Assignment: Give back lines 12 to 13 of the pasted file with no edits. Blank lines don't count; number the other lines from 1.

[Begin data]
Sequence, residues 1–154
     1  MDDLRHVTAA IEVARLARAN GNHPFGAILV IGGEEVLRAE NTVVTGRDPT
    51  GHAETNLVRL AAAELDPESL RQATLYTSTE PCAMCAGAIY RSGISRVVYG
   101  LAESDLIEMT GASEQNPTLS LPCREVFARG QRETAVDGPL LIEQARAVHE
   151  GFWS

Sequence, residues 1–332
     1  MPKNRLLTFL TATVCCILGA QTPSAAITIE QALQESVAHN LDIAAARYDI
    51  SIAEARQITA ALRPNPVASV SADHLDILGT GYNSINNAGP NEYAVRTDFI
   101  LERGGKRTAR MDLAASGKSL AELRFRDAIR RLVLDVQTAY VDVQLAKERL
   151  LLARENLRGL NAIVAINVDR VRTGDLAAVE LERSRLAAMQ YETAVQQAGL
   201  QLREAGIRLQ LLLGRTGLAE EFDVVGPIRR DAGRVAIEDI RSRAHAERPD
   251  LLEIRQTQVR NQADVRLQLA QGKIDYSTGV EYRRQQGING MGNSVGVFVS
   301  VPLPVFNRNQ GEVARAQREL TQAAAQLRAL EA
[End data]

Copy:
   251  LLEIRQTQVR NQADVRLQLA QGKIDYSTGV EYRRQQGING MGNSVGVFVS
   301  VPLPVFNRNQ GEVARAQREL TQAAAQLRAL EA